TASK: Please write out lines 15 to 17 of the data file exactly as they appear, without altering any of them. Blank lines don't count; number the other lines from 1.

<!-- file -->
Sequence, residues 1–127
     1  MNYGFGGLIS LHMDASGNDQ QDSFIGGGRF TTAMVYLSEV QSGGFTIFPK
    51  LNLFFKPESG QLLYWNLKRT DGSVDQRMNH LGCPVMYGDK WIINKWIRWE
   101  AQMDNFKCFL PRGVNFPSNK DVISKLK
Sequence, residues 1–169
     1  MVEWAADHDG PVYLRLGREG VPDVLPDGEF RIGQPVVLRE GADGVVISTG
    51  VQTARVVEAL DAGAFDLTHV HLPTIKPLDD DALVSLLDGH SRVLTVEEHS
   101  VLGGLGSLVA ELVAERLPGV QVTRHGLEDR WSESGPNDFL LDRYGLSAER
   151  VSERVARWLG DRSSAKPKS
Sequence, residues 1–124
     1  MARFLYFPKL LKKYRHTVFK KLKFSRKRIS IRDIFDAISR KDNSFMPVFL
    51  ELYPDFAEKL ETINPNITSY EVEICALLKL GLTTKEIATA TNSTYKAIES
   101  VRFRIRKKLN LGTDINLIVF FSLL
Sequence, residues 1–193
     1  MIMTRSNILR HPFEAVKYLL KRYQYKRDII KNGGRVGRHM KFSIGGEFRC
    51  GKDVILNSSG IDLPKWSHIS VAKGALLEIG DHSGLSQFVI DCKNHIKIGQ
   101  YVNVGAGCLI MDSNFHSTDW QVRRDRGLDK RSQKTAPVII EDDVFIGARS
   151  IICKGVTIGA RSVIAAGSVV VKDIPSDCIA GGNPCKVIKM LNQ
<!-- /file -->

     1  MIMTRSNILR HPFEAVKYLL KRYQYKRDII KNGGRVGRHM KFSIGGEFRC
    51  GKDVILNSSG IDLPKWSHIS VAKGALLEIG DHSGLSQFVI DCKNHIKIGQ
   101  YVNVGAGCLI MDSNFHSTDW QVRRDRGLDK RSQKTAPVII EDDVFIGARS